To maximise efficiency, utilisation and uptake of European e-infrastructures, new models of interaction with a diverse ecosystem of data and platforms must be established. The introduction or generation of huge and complex datasets makes the tasks of acquisition, transformation and analysis counterproductively hard. Instead of focusing on delivering end-user-facing solutions top-down, DARE puts teams of research developers and scientists, creating advanced data-powered methods, at the forefront of scientific progress and innovation and enables them to craft solutions required by their communities.
Empowering developers to make the most of what European e-infrastructures and recent technological advances offer, requires programmable methods and tools. Such methods need to encapsulate high-level data and computation concepts, to be reusable and verifiable. They need to respect the time, effort and methodologies of research developers and scientists – they need to be user-friendly and effective. At the forefront of innovation, they will use the most advanced technologies and software stacks. As these inevitably change rapidly, the encoding of advanced methods must be abstracted and automatically mapped to the most appropriate targets. They need to allow for the composition of arbitrary applications and solutions, making use of data and infrastructures as transparently as possible, i.e. without explicit naming and instance details. They need to be easily extensible, to adapt to the changing landscape provided by e-infrastructures and platforms and to the variety of scientific methodologies. They need to be discoverable, accessible and communicable, and encourage agile development and continuous integration. Last, they must be offered in computer languages developers have built expertise in.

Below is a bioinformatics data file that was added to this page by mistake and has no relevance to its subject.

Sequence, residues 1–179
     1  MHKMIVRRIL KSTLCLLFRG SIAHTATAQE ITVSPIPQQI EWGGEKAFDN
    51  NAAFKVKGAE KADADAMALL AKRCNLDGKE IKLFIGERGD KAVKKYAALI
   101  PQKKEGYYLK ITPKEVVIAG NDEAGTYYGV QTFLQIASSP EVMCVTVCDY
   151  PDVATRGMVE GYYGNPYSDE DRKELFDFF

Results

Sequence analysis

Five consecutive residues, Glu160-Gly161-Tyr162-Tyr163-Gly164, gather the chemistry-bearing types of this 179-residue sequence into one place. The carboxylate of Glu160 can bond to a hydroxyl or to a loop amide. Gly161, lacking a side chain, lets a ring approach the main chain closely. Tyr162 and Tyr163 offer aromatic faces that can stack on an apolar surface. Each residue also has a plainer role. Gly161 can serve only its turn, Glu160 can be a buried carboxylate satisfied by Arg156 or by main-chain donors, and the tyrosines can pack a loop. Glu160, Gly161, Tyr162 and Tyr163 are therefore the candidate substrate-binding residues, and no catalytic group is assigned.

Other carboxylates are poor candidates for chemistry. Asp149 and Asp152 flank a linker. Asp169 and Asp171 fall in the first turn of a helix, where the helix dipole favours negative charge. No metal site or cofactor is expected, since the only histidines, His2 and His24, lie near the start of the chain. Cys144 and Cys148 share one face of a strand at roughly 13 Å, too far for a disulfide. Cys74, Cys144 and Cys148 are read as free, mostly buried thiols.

However important the above technical requirements may be, they cannot be addressed in isolation from the requirements of the scientific and innovation communities. DARE will facilitate agile and continuous communication between types of user. It will interact with other entities, such as e-infrastructures and resource providers, to continuously improve cross-discipline understanding and, as a result, the platform, its methods, tools and ultimately the applications and services developed. The DARE project will itself be the testbed of this agile co-design, initially working with the EPOS and IS-ENES RIs.
The DARE concept can be summarised as follows: to effectively tap the huge data resources available via technological products and advances – user-facing applications, services or large experiment campaigns – one must empower those who develop methods and their encapsulations so that they can help their user communities. DARE delivers a unified context for their work in order to catalyse innovative data-driven science, making transparent use of e-infrastructures and other resources.